How are West Nile virus (WNV) infection and encephalitis (WNE) prevented?

Updated: Apr 05, 2021
  • Author: David J Cennimo, MD, FAAP, FACP, AAHIVS; Chief Editor: Michael Stuart Bronze, MD  more...
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Avoidance of mosquito exposure, particularly around dawn and dusk, may help mitigate the risk of exposure to West Nile virus (WNV). Mosquito repellents, such as DEET, as well as barrier netting, are helpful. Mosquito-control programs are also able to reduce rates of human infection and are typically employed when surveillance identifies increased local risk. A 2005 study found that the odds of infection were 6-fold higher in untreated areas than in areas treated with aerosolized pyrethrin spraying. [31] Routine local control, such as limiting stagnant areas of water collection, may also be beneficial.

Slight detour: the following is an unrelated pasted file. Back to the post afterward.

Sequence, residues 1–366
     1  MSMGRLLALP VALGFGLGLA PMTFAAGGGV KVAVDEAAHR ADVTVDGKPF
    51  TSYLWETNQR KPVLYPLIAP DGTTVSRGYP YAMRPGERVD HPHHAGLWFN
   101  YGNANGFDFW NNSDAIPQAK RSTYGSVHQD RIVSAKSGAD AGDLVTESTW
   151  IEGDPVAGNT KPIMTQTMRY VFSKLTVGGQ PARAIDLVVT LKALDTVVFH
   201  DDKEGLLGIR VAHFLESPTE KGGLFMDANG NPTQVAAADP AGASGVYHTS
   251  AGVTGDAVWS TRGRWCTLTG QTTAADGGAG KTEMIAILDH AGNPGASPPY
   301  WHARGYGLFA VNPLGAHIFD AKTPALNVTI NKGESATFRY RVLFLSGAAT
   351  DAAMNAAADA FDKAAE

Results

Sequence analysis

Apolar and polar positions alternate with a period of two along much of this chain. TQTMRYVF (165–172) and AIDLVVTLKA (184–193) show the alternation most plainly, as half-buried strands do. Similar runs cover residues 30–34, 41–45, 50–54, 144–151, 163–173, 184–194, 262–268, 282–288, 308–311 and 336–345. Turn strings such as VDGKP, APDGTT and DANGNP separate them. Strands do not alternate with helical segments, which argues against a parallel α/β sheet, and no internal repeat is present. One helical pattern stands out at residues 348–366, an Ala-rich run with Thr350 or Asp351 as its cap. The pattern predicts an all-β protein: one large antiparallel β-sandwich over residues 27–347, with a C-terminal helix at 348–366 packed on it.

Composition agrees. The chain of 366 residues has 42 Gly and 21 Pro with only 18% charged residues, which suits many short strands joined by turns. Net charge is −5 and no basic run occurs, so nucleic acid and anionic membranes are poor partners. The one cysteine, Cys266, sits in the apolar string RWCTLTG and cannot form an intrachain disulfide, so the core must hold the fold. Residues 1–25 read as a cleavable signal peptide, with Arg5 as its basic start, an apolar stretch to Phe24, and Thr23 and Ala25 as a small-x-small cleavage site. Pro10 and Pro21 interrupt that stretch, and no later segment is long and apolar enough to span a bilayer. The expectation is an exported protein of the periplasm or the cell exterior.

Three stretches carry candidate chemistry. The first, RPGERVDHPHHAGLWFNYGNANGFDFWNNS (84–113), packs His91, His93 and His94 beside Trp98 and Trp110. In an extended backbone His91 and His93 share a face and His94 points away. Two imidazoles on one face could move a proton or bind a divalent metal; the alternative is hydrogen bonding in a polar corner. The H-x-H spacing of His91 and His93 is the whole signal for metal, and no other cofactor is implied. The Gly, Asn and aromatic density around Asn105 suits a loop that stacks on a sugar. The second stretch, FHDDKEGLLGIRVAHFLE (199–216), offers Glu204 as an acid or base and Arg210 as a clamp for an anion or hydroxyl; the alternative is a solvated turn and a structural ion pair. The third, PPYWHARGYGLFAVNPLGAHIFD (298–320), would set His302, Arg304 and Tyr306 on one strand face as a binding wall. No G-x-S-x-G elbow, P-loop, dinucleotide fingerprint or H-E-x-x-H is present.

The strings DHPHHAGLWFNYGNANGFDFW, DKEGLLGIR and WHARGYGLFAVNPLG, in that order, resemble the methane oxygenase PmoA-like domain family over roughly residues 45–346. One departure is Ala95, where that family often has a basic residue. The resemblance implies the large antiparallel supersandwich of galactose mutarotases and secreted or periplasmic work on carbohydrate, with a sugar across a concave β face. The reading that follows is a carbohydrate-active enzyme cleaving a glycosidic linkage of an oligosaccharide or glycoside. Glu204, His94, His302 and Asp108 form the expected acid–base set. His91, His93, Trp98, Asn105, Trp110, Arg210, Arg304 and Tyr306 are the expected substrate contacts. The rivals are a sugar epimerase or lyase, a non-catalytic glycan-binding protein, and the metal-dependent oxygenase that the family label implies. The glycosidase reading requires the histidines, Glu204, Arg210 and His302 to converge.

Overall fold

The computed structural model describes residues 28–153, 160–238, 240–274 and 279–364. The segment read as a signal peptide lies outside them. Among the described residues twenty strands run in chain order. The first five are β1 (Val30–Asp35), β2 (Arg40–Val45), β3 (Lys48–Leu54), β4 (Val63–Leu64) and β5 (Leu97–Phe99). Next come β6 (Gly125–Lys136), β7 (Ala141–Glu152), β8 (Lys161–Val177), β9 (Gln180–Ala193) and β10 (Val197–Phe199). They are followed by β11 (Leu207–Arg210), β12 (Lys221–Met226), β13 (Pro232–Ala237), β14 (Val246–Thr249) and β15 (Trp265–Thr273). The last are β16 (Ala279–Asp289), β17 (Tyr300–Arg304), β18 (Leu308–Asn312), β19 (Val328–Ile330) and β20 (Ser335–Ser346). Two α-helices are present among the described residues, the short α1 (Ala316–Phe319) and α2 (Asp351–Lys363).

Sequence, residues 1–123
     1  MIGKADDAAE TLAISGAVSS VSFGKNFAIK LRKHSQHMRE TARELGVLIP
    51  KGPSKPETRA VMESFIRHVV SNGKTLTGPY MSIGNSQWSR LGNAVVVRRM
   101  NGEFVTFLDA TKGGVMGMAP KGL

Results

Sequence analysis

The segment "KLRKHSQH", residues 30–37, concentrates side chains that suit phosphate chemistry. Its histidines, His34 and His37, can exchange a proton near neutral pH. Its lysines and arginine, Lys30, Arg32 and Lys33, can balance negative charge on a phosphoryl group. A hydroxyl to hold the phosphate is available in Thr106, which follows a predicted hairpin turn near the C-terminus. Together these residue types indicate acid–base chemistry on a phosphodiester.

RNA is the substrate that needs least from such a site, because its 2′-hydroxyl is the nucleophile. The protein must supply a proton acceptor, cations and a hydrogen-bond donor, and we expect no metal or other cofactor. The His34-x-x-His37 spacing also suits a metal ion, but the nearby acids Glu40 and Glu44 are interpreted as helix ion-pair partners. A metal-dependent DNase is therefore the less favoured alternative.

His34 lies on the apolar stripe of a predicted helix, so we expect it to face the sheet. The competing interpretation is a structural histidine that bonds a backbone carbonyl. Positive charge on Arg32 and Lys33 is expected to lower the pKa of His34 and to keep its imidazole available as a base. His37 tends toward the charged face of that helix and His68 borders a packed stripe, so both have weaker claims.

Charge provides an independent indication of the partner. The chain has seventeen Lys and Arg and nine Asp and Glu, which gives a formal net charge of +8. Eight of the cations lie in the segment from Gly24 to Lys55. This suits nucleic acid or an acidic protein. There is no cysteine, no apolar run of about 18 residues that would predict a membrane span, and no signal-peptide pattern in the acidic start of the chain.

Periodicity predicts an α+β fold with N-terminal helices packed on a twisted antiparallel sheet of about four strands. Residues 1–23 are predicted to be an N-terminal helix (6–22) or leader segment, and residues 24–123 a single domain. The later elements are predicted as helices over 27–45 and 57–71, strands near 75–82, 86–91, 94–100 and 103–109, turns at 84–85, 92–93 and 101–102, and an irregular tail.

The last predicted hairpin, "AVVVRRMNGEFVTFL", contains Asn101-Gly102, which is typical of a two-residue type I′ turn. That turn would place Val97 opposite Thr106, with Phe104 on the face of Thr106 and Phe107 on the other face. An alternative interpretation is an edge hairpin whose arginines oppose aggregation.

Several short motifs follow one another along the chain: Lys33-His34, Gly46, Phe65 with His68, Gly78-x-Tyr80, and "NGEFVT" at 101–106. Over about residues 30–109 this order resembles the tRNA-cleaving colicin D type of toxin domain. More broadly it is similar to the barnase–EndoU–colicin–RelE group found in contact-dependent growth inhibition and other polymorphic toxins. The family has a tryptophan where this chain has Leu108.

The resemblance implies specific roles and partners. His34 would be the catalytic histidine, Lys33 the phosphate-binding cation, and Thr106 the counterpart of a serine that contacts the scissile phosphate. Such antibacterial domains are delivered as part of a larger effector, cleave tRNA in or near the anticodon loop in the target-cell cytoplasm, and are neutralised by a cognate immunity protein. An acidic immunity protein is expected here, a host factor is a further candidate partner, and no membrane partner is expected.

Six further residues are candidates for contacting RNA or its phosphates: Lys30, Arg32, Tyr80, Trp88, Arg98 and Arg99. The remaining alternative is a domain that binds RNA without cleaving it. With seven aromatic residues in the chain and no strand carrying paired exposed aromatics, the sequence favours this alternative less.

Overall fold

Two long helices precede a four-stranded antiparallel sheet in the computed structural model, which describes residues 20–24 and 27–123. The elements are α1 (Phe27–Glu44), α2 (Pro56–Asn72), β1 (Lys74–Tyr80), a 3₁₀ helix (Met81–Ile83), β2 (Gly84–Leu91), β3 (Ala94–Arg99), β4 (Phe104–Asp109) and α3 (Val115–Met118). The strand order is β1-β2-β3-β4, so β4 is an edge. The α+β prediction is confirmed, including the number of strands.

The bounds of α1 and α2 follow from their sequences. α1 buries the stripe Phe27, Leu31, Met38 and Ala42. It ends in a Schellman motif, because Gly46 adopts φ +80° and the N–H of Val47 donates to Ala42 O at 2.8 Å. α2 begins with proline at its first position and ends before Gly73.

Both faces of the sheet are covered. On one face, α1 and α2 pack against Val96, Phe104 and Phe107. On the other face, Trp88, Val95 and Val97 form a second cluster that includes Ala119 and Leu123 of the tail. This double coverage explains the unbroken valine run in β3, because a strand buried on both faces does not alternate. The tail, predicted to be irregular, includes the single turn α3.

No vaccine is currently FDA-approved for WNV, although studies of live attenuated vaccines are ongoing (up to phase II clinical trials), which have shown safety and tolerability, as well as immunogenicity. [32, 33] Currently, no clinical trials for WNV vaccine are in phase III.

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